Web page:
The best projects to propose are the ones that are already half finished. If you’ve completed a similar project in the past, so much the better, because you’ll be able to describe the current project accurately. Your objective is to show your project is worthwhile and you’re capable of completing it within the time and budget allotted.

3. Get started NOW!

One final bit of advice: Don’t wait until the last minute! Organize your images and write your three essays. Then the application process won’t be so daunting when an opportunity arises. You’ll easily be able to modify your essays and image selection to fit individual applications. Good luck, artists!

5 Tips on How to Turn a Coloring Book into a Handy Artwork

Coloring Book Creativity

Owls of a Feather, enhanced coloring book page, by Doreen Kassel. Learn how to make your own in Kassel’s adult coloring book, Lush Life Creative Coloring!

No longer an activity just for kids, coloring books can be relaxing, meditative and a great way to get in touch with your creative side. They are especially great resources for those of us who don’t yet have advanced artistic skills or a lot of free time on our hands.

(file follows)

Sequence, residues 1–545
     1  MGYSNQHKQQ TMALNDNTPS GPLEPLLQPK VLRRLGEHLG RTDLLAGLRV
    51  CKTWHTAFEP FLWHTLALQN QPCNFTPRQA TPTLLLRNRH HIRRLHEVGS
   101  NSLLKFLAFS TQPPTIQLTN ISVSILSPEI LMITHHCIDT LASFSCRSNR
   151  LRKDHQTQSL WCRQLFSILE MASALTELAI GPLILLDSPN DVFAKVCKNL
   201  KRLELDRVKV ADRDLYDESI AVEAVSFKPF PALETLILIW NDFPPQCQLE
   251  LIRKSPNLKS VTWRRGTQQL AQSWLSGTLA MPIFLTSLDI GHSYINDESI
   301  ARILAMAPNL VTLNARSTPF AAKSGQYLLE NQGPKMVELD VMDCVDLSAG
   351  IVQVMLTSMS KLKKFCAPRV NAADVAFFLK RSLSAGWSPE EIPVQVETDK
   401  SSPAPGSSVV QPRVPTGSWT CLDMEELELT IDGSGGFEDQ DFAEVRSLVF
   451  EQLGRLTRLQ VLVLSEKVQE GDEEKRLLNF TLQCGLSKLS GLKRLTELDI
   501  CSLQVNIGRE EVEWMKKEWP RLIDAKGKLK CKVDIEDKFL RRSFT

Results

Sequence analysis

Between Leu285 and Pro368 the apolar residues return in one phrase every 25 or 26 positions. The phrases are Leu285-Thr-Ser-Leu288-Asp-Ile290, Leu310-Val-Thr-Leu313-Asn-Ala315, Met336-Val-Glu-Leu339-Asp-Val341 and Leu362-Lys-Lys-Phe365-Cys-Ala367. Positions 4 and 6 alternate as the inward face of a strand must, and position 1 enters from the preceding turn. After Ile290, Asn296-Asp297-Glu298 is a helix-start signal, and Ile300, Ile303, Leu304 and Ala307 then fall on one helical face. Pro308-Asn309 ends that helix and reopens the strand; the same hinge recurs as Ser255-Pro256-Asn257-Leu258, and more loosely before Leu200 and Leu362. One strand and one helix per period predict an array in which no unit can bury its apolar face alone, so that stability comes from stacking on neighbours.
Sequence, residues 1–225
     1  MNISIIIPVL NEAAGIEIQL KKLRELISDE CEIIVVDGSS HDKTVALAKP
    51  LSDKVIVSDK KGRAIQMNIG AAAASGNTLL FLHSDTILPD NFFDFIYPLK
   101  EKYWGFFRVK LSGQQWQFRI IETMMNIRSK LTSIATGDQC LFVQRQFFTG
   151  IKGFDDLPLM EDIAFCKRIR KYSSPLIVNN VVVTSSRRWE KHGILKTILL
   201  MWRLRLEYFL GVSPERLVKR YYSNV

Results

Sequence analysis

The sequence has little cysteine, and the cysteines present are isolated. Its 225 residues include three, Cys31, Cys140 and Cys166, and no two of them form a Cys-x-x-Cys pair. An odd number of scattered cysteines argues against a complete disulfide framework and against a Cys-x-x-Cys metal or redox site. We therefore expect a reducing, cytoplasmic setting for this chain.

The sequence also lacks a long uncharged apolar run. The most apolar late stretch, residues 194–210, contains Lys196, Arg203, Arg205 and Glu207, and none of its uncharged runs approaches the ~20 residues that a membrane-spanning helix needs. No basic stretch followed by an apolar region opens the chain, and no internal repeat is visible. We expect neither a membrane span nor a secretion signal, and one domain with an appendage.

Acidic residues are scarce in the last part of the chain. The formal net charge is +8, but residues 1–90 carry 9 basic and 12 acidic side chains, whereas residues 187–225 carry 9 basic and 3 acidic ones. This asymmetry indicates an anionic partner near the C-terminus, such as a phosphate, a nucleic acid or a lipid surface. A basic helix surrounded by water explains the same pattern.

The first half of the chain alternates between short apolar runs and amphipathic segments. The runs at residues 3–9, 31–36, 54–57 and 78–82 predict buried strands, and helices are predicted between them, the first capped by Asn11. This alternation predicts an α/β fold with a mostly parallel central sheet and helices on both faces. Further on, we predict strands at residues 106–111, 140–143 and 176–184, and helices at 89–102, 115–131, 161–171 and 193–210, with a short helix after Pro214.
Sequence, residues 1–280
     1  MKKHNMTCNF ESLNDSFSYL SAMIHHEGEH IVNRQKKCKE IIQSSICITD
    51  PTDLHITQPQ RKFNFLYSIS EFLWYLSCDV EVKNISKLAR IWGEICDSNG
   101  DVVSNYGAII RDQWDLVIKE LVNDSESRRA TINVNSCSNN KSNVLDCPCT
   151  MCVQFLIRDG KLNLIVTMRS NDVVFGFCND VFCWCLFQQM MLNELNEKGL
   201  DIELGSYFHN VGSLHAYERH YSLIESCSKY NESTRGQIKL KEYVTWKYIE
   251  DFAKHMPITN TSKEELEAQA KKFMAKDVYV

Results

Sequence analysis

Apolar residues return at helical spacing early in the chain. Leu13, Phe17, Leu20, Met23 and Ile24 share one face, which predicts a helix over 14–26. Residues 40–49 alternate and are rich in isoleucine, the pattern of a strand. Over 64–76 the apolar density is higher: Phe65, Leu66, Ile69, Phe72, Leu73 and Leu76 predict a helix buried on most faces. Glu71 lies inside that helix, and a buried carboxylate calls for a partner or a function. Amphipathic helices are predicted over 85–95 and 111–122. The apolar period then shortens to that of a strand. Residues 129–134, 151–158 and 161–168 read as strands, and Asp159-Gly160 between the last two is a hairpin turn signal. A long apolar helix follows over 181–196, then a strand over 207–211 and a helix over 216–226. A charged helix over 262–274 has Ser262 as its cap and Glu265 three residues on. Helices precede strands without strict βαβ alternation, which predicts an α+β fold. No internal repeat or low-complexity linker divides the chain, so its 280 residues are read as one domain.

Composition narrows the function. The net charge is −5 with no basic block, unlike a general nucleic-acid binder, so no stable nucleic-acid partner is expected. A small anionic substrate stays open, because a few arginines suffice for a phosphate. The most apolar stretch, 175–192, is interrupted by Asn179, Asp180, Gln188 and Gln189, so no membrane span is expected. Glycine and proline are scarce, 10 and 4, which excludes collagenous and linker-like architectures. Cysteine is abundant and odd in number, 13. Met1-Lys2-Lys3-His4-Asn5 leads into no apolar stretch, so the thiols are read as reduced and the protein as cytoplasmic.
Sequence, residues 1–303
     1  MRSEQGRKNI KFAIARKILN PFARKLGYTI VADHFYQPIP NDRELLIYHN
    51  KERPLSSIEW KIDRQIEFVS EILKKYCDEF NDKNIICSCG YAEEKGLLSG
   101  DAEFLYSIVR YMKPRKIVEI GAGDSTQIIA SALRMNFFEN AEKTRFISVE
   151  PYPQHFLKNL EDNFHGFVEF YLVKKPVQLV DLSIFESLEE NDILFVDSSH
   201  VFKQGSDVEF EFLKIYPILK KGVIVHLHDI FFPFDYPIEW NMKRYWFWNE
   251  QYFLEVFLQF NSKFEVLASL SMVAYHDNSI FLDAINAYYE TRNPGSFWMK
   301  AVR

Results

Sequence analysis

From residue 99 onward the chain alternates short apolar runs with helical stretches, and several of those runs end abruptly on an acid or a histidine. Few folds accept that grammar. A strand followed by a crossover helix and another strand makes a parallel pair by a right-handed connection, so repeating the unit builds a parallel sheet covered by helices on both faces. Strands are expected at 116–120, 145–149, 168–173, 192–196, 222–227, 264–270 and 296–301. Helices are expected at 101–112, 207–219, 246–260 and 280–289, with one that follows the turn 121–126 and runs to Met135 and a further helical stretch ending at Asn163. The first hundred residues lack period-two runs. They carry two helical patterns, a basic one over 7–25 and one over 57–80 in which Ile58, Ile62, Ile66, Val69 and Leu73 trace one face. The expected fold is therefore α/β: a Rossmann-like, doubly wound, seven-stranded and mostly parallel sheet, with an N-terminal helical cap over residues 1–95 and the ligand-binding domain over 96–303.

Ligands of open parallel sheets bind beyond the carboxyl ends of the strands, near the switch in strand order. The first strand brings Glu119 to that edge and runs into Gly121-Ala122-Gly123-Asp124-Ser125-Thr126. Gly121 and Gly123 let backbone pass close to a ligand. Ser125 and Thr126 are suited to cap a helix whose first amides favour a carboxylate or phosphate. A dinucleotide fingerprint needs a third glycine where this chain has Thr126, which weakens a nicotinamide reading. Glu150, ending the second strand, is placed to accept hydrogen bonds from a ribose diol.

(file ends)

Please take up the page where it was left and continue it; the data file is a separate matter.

And, because coloring books are pretty much one of the coolest inventions on the planet—at least in my opinion—there is even a national holiday dedicated to them: National Coloring Book Day on August 2.

Create a Mottled Background

Before you begin coloring, spray acrylic ink onto the page in various colors until you achieve the palette you want. Stand back to get a finer mist, and closer to get a thicker cover.

Be sure to cover your workspace to protect it from the spray. Give the page time to thoroughly dry before you move on to coloring.

Spray acrylic ink directly onto the page to create a mottled background.

Add Texture and Patterns with PanPastels

Create various textures and patterns by using a PanPastel tool to apply dashes of PanPastel across the page. White space can be left exposed or the whole page can be enveloped in color—it’s up to you.

Apply PanPastels across the page to create patterns and texture.

Add Details with Liquid Frisket

Create spiral designs, or any fun design you wish using Liquid Frisket and a Frisket Nib Tool. Be careful not to make it too intricate though, because the Frisket can be hard to control when painting finer lines.

Embellish with Highlights

Create select highlights on your coloring pages with white opaque paint and a fine-tipped brush.

Apply highlights with white paint and a fine-tipped brush.

Splatter It

Splatter liquid eraser or white acrylic paint across your coloring page using a palette knife and toothbrush. If you choose to use paint, it should be a loose consistency. It’s a good idea to experiment a bit with the splatter technique first to avoid any unwanted blobs. Create a splatter effect with white paint and a toothbrush.